Every legislative session for 30 years I heard the stories. Some were third-hand, some second-hand and, yes, some were personally told. Accounts of women in Carson City, most often lobbyists or staff but occasionally lawmakers, being harassed, put in uncomfortable situations, enduring it because they felt they had little choice. People confided in me because they trusted me, whether motivated by disgust or simply passing along gossip. I believed some stories were true, but I did not know how many.
Clark County District Attorney Steve Wolfson acknowledged Friday that a letter from his office sent to the Pardons Board in a controversial case contained an error – a factually inaccurate statement being used as a talking point by gubernatorial contender Adam Laxalt and five lawmakers who signed an op-ed to defend his vote against a pardon for a man adjudged to be innocent.
The campaign bulletin should have come through cyberspace trailing clouds of confetti. “By any measure, Adam Laxalt’s campaign for Governor of Nevada is off to a wildly successful start,” the GOP aspirant’s press release said as he finished the “Laxalt 17” tour of all Nevada counties. The email blast boasted of hundreds of supporters attending his events and had cute lines about number of cups of coffee (31) and “truly special state” (1). It also bragged about 26 media interviews.
Muck Rack makes it simple to find people, tweets, or articles that mention any name, keyword, company, hashtag etc. We've compiled this guide to help you make the most of your search.
Selecting a term
Start searching tweets, articles from media outlets, articles mentioned in tweets, journalists'
names, titles and bios with some suggested searches:
Companies or Topics (e.g. iPhone, Microsoft)
Phrases (e.g. "cloud computing") — use quotes to keep the terms together
Twitter handles (e.g. @username) — returns those who have mentioned or replied to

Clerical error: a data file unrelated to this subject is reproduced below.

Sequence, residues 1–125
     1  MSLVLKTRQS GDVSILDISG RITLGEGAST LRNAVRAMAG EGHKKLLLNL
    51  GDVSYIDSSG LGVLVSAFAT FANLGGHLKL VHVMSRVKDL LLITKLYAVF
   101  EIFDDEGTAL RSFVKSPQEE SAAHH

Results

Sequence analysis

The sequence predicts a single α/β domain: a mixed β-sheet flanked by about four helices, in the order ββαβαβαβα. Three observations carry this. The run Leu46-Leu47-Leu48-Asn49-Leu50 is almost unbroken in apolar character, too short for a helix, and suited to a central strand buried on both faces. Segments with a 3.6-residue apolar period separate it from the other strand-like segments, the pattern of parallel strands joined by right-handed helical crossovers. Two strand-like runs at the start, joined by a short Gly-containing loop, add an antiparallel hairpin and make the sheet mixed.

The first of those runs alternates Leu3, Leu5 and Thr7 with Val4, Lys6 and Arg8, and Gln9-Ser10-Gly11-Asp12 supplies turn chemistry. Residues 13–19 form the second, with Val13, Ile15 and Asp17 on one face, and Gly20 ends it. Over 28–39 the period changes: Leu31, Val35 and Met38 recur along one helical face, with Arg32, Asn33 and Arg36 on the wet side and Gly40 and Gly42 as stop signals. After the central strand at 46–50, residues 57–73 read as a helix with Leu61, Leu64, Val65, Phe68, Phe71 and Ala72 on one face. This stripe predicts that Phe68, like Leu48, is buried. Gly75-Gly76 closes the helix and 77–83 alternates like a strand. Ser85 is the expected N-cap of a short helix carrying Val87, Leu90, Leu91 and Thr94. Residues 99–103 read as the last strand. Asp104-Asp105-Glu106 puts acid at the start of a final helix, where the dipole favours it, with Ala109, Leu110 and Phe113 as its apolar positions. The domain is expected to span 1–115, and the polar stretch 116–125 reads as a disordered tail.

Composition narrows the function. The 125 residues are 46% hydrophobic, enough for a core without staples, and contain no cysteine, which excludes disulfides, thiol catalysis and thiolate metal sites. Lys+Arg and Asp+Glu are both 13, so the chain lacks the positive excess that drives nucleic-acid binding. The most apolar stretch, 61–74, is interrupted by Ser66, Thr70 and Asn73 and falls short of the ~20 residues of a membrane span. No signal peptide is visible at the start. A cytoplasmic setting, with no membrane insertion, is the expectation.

Names (e.g. "David Pogue")
Hashtags (e.g. #sxsw, #london2012)
Bio details (e.g. vegan, Olympics, father)
Muck Rack's Advanced Search allows for many boolean operators.
Find results that mention multiple specified terms, use AND or
+. For example, ensure each result contains both Elon Musk and Mark Zuckerberg by
searching Musk AND Zuckerberg or Musk + Zuckerberg.
Use the operators OR or , to broaden your search when you'd like either of
multiple terms to appear in results. (This is the default behavior of our search when no operators
are used). For example, results will contain either cake or cookie by searching cake OR cookie or cake,cookie
Use NOT or - to subtract results from your search. For
example, searching Disney will yield results about the Walt Disney Company as well as Walt Disney
World Resort. To exclude mentions of Disney World, search for Disney -World or Disney
When using one of these operators with a phrase, enclose it in quotation marks. For example, you can
find results about smartphones excluding Apple's iPhone 4S by searching smartphone -"iPhone
Exact case matching or punctuation
If you're searching for a brand name or keyword that relies on specific punctuation marks or capitalization, you can
find results that match your exact query by adding matchcase: before the keyword you're searching for, like matchcase:E*TRADE .
Use parentheses to separate multiple
boolean phrases. For example, to find journalists talking about having fun in Disney World or
Disneyland, search for ("disney world" OR disneyland) AND fun.
An asterisk can be used to search for any variation of a root word truncated by the asterisk. For example, searching for admin* will return results for administrator, administration, administer, administered, etc.
A near operator is an AND operator where you can control the distance between the words. You can vary the distance the near operation uses by adding a forward slash and number (between 0-99) such as strawberries NEAR/10 "whipped cream", which means the strawberries must exist within 10 words of "whipped cream".